Power stations gulp our water

2012-06-23 10:30

Farmers already complain about water shortages in rivers

Medupi power station’s incomplete boilers tower above dry bushveld in Limpopo.

Each day, 17 000 people make their way from nearby Lephalale to work on the country’s newest power station.

The Waterberg region, where Medupi is located is, despite its name, actually water-scarce – water will have to be piped in for Medupi via the Mokolo Crocodile Water Augmentation Project.

The project will only be finished in 2018, just in time for Medupi to come online.

Already, there’s talk in government circles about a third power station in the area that will rely on the same augmentation scheme for its water.

Last month, a World Bank report roasted the South African government for not considering the expansion of the Grootgeluk mine in Medupi’s assessment and the extra water the mine will be using.

Project managers at Medupi were also criticised for not keeping a handle on illegal sand mining.

Susan Goosen is one of the farmers in the area who has been complaining about the loss of water in the river.

She regularly has to deal with water shortages, which she blames on Medupi.

“But the department of mineral resources told us to shut up, because Medupi was in the public interest and the sand and water was needed for the power station,” she said.

Goosen and her community are gearing up for a huge fight for their water – and, water analysts warn, as more communities become aware of the tug of war over water and its rising costs, the conflict will only worsen.

Among the biggest victims of this water war? Agriculture. 

Eskom’s water footprint
Currently, agriculture uses most of South Africa’s water – 62%.

Mining accounts for about 3% of water use, and Eskom uses 2%. South Africa’s state power utility is the only “strategic” water user under the National Water Act. This means the department of water affairs has to provide it with quality water to provide steam for its turbines, to cool and clean machinery and to scrub pollutants.

Eskom vows it is reducing its water footprint. Eskom’s general manager for water and environmental operations, Nandha Govender, told journalists recently that Eskom was producing more electricity using less water, and had taken a “step change” in its water management practices.

He said Eskom’s water usage will peak in 2021 and then start dropping as the new dry-cooled power stations, Medupi and Kusile, come online and more water-intensive power stations come to the end of their lives.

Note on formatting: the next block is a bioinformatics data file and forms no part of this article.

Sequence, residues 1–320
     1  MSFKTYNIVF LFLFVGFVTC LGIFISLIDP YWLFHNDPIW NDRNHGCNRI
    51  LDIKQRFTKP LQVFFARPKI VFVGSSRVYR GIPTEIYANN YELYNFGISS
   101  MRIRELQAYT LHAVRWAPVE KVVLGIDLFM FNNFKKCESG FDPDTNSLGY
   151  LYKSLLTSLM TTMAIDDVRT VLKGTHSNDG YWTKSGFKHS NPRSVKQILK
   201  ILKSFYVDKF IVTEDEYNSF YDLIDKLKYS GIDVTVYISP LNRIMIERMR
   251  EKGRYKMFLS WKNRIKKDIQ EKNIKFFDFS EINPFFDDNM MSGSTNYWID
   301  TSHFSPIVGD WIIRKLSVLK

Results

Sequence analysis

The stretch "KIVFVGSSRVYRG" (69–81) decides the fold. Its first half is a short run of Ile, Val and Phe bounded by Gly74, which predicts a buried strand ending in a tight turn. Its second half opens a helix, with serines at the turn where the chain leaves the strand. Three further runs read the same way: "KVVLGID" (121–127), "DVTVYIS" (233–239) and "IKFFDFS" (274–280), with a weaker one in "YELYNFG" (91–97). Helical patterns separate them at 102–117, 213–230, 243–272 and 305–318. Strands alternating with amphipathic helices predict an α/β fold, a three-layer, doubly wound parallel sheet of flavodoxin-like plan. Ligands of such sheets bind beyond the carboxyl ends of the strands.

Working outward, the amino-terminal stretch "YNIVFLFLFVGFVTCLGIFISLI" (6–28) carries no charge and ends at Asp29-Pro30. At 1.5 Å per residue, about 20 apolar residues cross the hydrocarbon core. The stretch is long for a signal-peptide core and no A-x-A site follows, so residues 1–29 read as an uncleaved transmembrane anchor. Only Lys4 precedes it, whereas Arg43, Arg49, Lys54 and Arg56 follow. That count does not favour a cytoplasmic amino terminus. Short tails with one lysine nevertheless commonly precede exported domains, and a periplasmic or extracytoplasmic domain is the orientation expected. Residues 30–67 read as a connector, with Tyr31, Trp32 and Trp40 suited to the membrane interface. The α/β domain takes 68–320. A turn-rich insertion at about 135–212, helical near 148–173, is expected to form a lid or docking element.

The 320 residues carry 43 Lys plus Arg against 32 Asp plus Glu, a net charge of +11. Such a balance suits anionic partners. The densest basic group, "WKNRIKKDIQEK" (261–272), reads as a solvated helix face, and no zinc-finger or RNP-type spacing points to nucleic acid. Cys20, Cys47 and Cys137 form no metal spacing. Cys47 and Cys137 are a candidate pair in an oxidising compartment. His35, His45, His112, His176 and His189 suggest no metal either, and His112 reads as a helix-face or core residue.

But Johan van Rooyen, director of national water resource planning at South Africa’s department of water affairs, admitted that Medupi and Kusile will still push up Eskom’s water usage considerably in the next decade.

Last April Eskom implemented a water accounting framework at each of its coal-fired plants to support water conservation amid rising criticism about the power stations’ water footprints.

Analysts say, though, that the reports are not detailed enough to show how Eskom accounts for its water usage.

Don’t forget the coal mines
Environmentalists are also wary of coal mines’ hidden water footprints, and question how polluted water resources around these mines really are.

In South Africa, water quality data from individual mine properties is not openly available to the general public, being considered “commercial in confidence”.

This information is collected by mines and is submitted to the water affairs department as part of routine pollution-control-monitoring operations.

Kusile will source its coal from the new Anglo American New Largo mine, but environmentalists are concerned about the mine’s impact on wetlands.

A civic environmental group, the Federation for a Sustainable Environment (FSE), is deeply concerned about the impact of this mine on the area’s wetlands and fresh water, according to FSE activist Koos Pretorius.

Vaal worries
Kusile’s water requirements would have to be fulfilled via the Vaal River Eastern Sub-system Augmentation Project, a project that would transfer 160 million m³ of water from the Vaal Dam to supply mainly Eskom’s and Sasol’s growing water requirements.

But, in Kusile’s environmental impact assessment, it was noted the Vaal water “has a lost opportunity cost attached” to it and the water could have been “beneficially used” elsewhere. Eskom itself is concerned about water supply from the Vaal.

At a water conference in France earlier this year, senior Eskom and Sasol managers warned that one big drought in the Vaal River catchment area over the next eight years could jeopardise the region’s agricultural and industrial output.

They described as a “major risk” the period until 2020, when the second phase of the Lesotho Highlands Water Project (LHWP) starts delivering water to the Vaal. Because of Eskom’s strategic use status, other users will have to bear the brunt if a drought comes along.

Govender said a drought would see the region “pushing the boundaries” of available water supply. “The capacity of the Vaal system is a major risk – which lies with large industrial water users, agriculture and the municipalities.”

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